Skateboarders in Center City say members of the Philadelphia Police Department are using excessive force, bordering on brutality, against them.
On a warm, sunny Saturday last month, at least 50 kids of all ages are breaking the law in LOVE Park. The place looks like a melting pot with kids of every size and color skateboarding on a grid near the entrance on 15th Street. They’re popping ollies and other tricks that land many of them on their asses. Other kids sit around the edges or try to “grind” their boards on the rectangular planters.
A park ranger named Ben has been on his walkie-talkie for more than an hour, waiting for police to arrive and clear the place out. “It’s a nuisance,” he says, “but kids are gonna do what they’re gonna do, unless there’s real authority here.”
If skating is illegal here, you wouldn’t know it by the number of people riding, until the cops finally arrive. Then a wave of kids run out of the park into city streets, dodging traffic to escape.
Ever since skateboarding was banned from public places in Philadelphia back in 2002, the rules of the cat-and-mouse game between cops and skaters has been simple: The cops come and the skaters run. In the past, when skaters were apprehended, officers just removed the bolts from the wheels, preventing the owner from riding. Sometimes cops would break the boards or make a kid do a trick to get their board back. Worst-case scenario, skaters were arrested or ticketed or verbally reprimanded.
But skaters say the rules have changed recently, and the new protocol is the stuff police brutality videos are made of. The game has turned into an extreme sport—even more dangerous than skateboarding itself.
Kids says cops have gone from ticketing or arresting skateboarders to chasing them with Tasers drawn, tackling them, body-slamming them, clotheslining them and grabbing them by the neck.
Bring up the topic of the militarization of LOVE Park and just about every skater has a story, and those at Nocturnal Skateshop off South Street are no exception. Store manager and co-owner Mark Brandstetter says he’s definitely noticed an uptick in the intensity of the conversation.
“Every day at least twice a day people will come down and be like, ‘Whoa, we just got chased out—they came in through every angle. Every entrance was a cop coming in,’” says Brandstetter, adding that the city is wasting precious resources on the wrong kind of crime.
Skaters Michael Rankine and Jason Klotz attribute the increased strong-arm tactics to a brawl that took place last January after a wedding party entered LOVE Park to have photos taken in front of the famous sculpture.
The duo claims that an overly intoxicated groomsman threatened a crew of young skaters. “I seen the wedding [party] walkin’ into the park. I kinda skated around their wedding. And I seen dudes grillin’ me like crazy,” recalls 21-year-old Klotz, who says he immediately rode around to the other side of the park. “I turn around and see this big dude in a suit go, ‘The next motherfucker to ride their skateboard, I’ma fuck you up!’ He said that, to like, 14-year-old kids.”
Klotz says the wedding party and the skaters got into an arguing match, and things escalated: “One of the wedding dudes swung on my homie and everybody went crazy.”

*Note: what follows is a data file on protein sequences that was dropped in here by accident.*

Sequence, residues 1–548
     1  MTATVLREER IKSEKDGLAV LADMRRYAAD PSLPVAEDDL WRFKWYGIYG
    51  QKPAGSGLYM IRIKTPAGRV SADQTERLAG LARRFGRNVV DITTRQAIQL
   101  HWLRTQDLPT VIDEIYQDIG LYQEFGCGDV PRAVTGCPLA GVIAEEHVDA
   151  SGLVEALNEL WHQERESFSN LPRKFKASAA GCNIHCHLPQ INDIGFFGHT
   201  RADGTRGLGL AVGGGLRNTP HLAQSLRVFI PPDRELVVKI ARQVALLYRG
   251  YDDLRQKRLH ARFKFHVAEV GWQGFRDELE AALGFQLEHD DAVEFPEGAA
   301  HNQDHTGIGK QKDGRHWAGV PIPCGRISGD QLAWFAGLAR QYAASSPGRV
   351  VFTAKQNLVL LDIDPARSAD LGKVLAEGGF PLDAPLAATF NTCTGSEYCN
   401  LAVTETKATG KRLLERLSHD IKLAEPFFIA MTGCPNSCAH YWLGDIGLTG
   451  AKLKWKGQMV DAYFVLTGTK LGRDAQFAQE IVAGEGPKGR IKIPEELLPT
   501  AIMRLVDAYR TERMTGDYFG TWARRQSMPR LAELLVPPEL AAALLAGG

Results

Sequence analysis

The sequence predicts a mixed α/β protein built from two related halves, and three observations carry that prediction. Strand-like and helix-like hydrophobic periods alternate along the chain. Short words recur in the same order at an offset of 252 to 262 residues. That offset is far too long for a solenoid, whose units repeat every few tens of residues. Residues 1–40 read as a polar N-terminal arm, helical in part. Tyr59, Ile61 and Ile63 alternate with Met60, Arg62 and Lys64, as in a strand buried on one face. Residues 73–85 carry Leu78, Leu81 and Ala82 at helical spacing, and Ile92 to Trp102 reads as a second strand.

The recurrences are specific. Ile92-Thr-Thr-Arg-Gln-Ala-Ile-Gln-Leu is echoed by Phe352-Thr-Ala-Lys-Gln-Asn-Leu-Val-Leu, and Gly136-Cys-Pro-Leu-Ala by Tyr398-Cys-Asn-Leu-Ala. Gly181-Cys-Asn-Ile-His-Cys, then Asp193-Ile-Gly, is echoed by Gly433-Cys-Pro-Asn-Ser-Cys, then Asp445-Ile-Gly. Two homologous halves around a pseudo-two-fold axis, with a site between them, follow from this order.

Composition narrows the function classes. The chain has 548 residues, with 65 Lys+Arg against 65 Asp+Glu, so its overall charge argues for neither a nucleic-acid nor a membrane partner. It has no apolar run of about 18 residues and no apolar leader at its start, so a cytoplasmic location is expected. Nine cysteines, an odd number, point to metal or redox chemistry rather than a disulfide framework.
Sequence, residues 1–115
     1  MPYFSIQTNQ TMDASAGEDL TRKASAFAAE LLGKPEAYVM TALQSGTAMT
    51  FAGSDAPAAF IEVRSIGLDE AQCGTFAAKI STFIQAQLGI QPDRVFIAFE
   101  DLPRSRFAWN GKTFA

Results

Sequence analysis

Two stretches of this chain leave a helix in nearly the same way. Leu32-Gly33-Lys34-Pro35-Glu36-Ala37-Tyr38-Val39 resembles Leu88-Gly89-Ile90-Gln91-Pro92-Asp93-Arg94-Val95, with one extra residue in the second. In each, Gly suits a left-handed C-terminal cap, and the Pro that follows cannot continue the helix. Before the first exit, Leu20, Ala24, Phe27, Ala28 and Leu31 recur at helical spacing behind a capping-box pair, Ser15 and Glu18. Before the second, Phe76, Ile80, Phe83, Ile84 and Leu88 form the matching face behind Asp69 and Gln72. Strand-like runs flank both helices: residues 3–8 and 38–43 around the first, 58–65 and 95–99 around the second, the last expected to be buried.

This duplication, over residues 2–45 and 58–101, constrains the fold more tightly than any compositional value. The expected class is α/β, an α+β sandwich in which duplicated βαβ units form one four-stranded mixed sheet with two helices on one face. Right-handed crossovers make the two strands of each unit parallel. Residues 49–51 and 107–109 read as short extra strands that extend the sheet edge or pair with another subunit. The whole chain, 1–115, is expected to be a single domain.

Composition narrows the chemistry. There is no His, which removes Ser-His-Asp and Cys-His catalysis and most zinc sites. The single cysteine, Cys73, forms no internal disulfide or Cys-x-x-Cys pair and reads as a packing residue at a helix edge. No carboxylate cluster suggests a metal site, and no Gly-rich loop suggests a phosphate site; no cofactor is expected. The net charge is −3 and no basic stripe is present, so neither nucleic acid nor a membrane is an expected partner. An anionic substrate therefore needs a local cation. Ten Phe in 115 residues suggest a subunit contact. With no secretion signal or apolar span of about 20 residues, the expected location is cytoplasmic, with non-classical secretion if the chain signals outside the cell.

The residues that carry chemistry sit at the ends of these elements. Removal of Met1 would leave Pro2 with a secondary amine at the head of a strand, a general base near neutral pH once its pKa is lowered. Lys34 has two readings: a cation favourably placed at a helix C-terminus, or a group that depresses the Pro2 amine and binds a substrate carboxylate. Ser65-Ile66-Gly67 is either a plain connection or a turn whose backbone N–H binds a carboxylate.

Rankine says that prior to that incident, things had been mellow between cops and skaters, but since then, police have been putting a car right in front of the park. “For a while they weren’t doing any of that,” says the 26-year-old. “For a while bike cops would come through, but no one was there on the regular—now there’s a lot more presence.”
Rankine and Klotz are no strangers to run-ins with the cops. Rankine says that on Mon., June 1, while riding his skateboard, he was flagged down by an officer in Center City. Rankine swears he wasn’t attempting tricks but still, “he [the cop] said that I can’t ride my skateboard on the sidewalk or anywhere on the street and there’s a new downtown skateboard ordinance that I can’t skate anywhere, basically.”
Rankine arrived at his South Philly home that day with only a warning, but he wasn’t so lucky two months earlier. The skater says last April he was arrested for skateboarding in LOVE at 1 a.m.
Being arrested, though inconvenient and expensive, isn’t really what bothers Rankine. Instead, he points to an incident from last summer that’s more telling of the increasing hostility between cops and skaters. Rankine claims he was skating at City Hall when a bike cop rolled up on him and started screaming in his face about illegally skateboarding. He alleges the officer pinned him into a corner and used his bike as a barricade.
“I had nowhere to go,” says Rankine. “He had his bike across me so I couldn’t even move to my left or to my right. I go to take a step over his tire and he throws his shoulder into me and slams me back into the wall. I try and step the other way and he head-butted me with the top of his helmet.”
Rankine says he didn’t report the incident because “it puts me out there even more. I just let it be because I knew I would be back down there the next day taking the same risks.”
Sunday was supposed to be Go Skateboarding Day 2009, which offered the possibility that the skaters and the cops at Love Park would have the angry, pointless run-in to end angry pointless run-ins. Instead, the whole thing kind of fizzled out. Larry West reports on the lameness.
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